WHEREAS, the vast majority of law enforcement officers perform their jobs with respect for their communities and in compliance with the law; and
WHEREAS, historically, the culture in many police departments has been to discourage officers from speaking up when they see colleagues engaged in inappropriate or unlawful behavior, even when they have a legal obligation to do so, for fear of reprisal; and
WHEREAS, as the country continues to grapple with continued incidents of police excessive force and/or misconduct, local governments must adopt policies which make it mandatory that officers report incidents of misconduct by their fellow officers; and
WHEREAS, examples of police misconduct include not only the excessive use of force, but also dishonesty, coercion, torture to force confessions, or abuse of authority; and
WHEREAS, mandatory reporting of officers’ misconduct and proscribed behaviors, including those that might compromise an officer’s wellness, should be explicit in standard operating procedures; and
WHEREAS, the policy should inform officers that intervening can prevent or stop misconduct, reduce harm to individuals, help build confidence with the community and preserve the integrity of the Department; and
WHEREAS, until recently, few police agencies have demonstrated the commitment and resolve to peer intervention as a core set of skills and behaviors reinforced by a department-wide cultural commitment, as many of the recent police incidents appear to demonstrate; and
WHEREAS, a report completed by the Council on Criminal Justice, attached as “Exhibit A”, found that departments that have adopted “duty to intervene” policies have lower numbers of police killings per capita compare to those that do not; the report also found that in January 2021, only 72 of the 100 largest police agencies had adopted duty to intervene policies, with 21 of those adopting polices after June 2020; and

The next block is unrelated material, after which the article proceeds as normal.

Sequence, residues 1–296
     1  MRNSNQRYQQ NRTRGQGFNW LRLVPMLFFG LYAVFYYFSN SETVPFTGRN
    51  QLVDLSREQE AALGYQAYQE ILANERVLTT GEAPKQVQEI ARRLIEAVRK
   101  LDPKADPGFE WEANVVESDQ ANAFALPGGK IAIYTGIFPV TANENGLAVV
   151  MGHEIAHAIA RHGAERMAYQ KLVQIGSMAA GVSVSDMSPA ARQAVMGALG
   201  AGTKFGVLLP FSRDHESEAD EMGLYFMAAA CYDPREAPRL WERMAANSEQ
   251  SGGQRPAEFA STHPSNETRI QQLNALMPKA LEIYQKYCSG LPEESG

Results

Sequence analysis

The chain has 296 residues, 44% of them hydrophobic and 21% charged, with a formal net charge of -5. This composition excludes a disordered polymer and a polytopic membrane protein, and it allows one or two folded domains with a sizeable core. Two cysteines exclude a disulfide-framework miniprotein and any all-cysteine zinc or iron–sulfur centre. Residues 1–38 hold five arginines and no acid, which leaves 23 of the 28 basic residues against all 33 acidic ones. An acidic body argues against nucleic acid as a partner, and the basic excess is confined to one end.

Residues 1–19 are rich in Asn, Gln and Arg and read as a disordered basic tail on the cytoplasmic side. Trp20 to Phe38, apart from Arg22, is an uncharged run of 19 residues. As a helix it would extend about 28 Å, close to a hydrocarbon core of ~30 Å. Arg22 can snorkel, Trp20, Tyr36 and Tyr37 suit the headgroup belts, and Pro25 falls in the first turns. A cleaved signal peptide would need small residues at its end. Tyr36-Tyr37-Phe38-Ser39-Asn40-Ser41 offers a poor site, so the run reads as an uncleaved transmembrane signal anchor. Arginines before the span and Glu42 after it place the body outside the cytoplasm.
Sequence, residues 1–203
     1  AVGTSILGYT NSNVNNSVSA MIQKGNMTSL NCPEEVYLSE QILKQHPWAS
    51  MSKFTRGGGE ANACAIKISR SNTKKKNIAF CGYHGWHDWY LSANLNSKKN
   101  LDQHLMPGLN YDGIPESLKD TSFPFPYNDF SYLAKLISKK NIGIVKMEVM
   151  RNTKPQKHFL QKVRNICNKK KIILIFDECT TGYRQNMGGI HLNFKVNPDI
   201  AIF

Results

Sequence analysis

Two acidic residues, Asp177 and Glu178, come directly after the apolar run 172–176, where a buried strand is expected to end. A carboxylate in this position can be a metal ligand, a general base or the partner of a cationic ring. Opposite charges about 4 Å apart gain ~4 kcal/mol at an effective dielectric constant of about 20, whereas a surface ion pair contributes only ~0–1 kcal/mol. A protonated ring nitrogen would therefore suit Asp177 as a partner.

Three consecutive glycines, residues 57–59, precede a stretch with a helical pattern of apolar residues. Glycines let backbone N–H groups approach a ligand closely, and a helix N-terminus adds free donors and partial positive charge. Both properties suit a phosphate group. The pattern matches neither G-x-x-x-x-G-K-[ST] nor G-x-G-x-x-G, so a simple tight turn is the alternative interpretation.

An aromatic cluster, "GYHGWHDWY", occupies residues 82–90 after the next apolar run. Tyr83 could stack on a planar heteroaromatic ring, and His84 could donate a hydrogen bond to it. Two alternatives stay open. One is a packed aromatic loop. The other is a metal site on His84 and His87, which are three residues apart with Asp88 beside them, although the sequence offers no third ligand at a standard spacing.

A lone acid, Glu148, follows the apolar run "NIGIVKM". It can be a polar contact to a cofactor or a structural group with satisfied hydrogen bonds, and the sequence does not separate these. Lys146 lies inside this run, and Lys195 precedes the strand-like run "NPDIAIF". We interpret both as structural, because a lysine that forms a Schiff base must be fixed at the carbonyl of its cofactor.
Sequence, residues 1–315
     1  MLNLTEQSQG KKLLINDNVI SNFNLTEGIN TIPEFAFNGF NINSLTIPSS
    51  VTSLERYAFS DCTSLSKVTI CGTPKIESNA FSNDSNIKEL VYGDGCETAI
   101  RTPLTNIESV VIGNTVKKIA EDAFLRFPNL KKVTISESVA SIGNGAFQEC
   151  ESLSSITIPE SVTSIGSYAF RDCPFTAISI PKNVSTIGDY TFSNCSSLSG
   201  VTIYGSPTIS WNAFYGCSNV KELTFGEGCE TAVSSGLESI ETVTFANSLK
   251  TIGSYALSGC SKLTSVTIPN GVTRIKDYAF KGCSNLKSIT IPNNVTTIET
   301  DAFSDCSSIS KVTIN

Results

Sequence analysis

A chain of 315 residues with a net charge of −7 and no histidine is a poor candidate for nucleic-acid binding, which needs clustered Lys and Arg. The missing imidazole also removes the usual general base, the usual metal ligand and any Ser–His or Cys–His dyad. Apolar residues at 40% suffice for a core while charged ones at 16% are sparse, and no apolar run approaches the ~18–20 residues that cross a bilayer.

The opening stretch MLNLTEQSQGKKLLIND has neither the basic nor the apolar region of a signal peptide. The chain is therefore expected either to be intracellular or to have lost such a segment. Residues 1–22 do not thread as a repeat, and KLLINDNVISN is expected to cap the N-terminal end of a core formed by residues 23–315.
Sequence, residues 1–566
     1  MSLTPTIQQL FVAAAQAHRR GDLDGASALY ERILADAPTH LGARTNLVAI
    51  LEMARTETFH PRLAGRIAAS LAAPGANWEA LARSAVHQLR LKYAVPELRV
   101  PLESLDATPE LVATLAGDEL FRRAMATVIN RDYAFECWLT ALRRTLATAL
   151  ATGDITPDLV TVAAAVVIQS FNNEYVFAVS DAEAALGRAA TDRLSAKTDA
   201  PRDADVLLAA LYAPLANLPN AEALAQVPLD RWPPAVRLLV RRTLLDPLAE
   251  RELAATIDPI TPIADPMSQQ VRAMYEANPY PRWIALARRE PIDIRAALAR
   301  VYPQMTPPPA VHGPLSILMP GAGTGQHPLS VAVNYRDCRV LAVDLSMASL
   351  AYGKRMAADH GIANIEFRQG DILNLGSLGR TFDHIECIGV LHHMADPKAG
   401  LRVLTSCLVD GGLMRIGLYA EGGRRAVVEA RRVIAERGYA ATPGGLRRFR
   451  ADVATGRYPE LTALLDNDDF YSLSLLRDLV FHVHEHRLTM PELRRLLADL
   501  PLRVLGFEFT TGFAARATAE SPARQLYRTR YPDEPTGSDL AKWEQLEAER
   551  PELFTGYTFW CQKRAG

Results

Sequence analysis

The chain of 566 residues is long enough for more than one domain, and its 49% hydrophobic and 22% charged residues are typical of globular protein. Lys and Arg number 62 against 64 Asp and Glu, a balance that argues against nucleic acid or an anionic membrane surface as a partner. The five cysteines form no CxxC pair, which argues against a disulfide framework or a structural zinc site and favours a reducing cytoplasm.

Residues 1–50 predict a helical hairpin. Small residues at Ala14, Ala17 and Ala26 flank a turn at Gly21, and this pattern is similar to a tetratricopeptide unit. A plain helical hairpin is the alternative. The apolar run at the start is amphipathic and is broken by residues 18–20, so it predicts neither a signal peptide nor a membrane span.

WHEREAS, the Atlanta Police Department’s Standard Operating procedures “Duty to Intervene” directive currently states that “ Any employee present and observing or who becomes aware of another employee exhibiting behaviors or performing actions that violate any departmental policy, state or federal law, or local ordinance shall intercede to prevent such behavior or actions, when in a position to do so safely. Interceding employees shall report their observations and actions to an on-duty supervisor immediately following the safe resolution of the event”; and
WHEREAS, the Department should consider expanding its directive to include additional instances when an officer should intercede by adding criteria and protections for officers such as the following:
1. Implement a process for officers who report or intervene to be protected from retaliation of any
2. Establish set standards for issues in the field that may indicate a situation has escalated and
there is a duty to intercede;
3. Require supervisors to document all incidents when a physical intervention occurred; and
4. Consider attempts to intervene or the reception of intervention as mitigating factors in
disciplinary decisions resulting from misconduct investigations as appropriate.
NOW, THEREFORE BE IT RESOLVED BY THE CITY COUNCIL OF THE CITY OF ATLANTA, GEORGIA, that the Atlanta Police Department is encouraged to amend its Standard Operating Procedures for the purpose of expanding APD.SOP 2010, 4.2.51 regarding the “Duty to Intervene” so as to consider providing additional responsibilities for police officers to intercede when fellow officers are engaged in using excessive force or other unlawful activities.
BE IT FURTHER RESOLVED, that the Atlanta Police Department is requested to share with the City Council any revisions to its Standard Operation Procedures that will expand its policy and training for officers on their responsibilities regarding the duty to intervene.
BE IT FINALLY RESOLVED, that all resolutions and parts of resolutions in conflict herewith are hereby waived to the extent of the conflict.